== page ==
In case you haven’t noticed for some bizarre reason, human lack claws, fangs, venom, armored skin and just about every other defensive feature countless other species possess. If not for our technology, we would be a species of lion, leopard, hyena and cheetah snacks wandering around the savannas of Africa. Many of us still die in the wild after being mauled by animals against which we’re defenseless. What kind designer in his right mind possibly drop such an ill-equipped creature into the midst of predator infested territory without a potent natural defense? Even a little bit of venom would be an immense improvement, so it seems like a hell of an oversight to leave us there with only sharp rocks and the hope that we can climb a tree before getting eaten. By a predator who probably climbs trees much easier than we could…

Q4. Why do humans lack specialization in their designs? What job were we designed to do?

Before designing anything, I ask several important questions. What is it’s purpose? What is it designed to do, how, and why? Humans perform a very wide array of tasks. Some of us are artists and communicators, some are scientists and engineers, others are analysts and strategists, and often our roles are flexible. We seem to be a sort of all-purpose tool which has to decide what task to do. That seems totally irrational to a designer’s mind. Why aren’t we born with designations and tasks? Why do we have to stumble around until we find what we’re willing to do instead of being slated to do something? I wouldn’t want my screwdriver deciding it would rather be a hammer, so why would any designer just build a multi-purpose tool with no particular task?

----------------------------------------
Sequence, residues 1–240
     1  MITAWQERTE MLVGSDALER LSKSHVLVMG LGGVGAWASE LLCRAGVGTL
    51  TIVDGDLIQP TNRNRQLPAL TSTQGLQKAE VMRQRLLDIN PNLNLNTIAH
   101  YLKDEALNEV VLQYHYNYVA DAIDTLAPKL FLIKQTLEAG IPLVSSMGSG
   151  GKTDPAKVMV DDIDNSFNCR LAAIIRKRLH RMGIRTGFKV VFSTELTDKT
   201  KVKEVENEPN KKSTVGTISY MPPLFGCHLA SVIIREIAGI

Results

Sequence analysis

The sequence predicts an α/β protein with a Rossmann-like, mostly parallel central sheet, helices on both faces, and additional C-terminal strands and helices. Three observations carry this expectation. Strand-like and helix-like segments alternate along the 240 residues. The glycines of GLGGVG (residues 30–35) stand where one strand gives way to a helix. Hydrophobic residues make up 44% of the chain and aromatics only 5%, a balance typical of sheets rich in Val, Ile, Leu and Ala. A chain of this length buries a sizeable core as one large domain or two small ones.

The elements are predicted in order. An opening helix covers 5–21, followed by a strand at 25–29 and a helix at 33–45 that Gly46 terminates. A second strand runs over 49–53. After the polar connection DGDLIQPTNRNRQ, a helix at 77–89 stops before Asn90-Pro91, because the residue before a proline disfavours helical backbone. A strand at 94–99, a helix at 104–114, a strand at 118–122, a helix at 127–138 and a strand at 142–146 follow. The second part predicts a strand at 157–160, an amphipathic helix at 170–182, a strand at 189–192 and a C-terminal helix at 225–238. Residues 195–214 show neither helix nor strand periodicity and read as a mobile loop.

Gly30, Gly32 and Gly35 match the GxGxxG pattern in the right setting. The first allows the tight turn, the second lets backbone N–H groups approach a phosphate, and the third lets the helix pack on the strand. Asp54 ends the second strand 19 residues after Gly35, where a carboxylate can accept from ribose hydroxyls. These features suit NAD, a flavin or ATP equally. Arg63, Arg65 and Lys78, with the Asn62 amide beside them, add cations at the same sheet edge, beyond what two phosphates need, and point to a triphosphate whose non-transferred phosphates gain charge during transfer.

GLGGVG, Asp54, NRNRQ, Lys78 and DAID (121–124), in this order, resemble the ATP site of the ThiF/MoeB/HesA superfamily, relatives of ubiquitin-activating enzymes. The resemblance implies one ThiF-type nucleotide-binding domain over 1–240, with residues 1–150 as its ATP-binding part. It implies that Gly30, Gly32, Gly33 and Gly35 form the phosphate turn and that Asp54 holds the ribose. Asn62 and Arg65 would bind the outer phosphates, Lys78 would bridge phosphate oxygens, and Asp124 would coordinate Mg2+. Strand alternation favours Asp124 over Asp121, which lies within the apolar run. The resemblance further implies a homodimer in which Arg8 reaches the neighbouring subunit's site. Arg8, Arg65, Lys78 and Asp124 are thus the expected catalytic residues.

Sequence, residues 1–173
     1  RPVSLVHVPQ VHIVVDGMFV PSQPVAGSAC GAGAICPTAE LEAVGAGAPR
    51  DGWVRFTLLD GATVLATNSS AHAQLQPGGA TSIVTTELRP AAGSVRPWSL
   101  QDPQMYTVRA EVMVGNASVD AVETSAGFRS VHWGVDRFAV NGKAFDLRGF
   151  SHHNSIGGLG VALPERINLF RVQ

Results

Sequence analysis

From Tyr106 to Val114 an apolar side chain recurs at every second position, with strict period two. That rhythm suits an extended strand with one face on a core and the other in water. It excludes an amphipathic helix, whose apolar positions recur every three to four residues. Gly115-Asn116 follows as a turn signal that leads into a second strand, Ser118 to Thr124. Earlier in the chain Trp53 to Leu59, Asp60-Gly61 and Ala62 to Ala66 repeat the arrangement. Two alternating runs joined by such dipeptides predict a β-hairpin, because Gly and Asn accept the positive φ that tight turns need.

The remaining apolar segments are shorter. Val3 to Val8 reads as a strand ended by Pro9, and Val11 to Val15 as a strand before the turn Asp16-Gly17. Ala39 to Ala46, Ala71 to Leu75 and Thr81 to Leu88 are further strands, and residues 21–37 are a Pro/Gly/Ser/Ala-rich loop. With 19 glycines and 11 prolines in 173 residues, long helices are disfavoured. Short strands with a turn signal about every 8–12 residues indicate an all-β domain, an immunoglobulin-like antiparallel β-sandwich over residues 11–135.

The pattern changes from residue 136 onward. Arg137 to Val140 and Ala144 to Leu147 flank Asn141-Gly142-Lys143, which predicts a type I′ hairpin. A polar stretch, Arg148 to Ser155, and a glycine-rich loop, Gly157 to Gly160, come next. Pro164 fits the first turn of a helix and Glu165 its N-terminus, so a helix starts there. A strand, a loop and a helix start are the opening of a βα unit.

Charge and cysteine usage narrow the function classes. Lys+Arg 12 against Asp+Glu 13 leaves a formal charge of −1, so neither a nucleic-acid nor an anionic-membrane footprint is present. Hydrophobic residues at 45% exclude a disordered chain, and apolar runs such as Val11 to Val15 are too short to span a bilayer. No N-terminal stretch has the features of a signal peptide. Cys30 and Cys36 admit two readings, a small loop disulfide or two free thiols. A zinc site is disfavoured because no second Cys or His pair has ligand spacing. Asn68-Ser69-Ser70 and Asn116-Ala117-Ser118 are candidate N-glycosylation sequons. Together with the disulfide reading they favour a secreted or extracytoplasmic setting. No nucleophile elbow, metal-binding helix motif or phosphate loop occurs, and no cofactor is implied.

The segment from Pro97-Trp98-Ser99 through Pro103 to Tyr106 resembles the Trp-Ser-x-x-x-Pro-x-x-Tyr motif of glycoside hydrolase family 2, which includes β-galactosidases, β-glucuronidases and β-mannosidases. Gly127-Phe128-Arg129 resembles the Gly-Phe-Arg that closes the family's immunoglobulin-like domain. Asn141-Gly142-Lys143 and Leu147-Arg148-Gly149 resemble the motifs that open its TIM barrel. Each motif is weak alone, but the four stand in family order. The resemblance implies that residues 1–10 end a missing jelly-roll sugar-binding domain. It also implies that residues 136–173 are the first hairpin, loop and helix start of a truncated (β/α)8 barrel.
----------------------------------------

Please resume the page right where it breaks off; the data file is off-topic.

Q5. Why do we have extra components and vestigial parts? Aren’t they just a waste of resources?

From a design standpoint, redundancies and parts that really don’t have any significant function to play in the mechanism should be removed or consolidated as much as possible. They take up energy and resources to produce and maintain while contributing little to nothing. Having five toes that do nothing but add a little help in balancing our bodies when we walk is not like having a spoiler on a car. The spoiler generates downdraft at a high speed and allows supercars to stay planted on the track during maneuvers. Five toes are used by a few martial art styles to maintain superb balance during attack. But wherein the spoiler is required by physics, the martial art styles adapted to use the toes. There’s no reason whey they couldn’t be consolidated. And to return to the spoiler for just a moment, there’s a reason why they’re not included on most cars. They’re not needed at highway speeds and normal roads used for everyday commuting.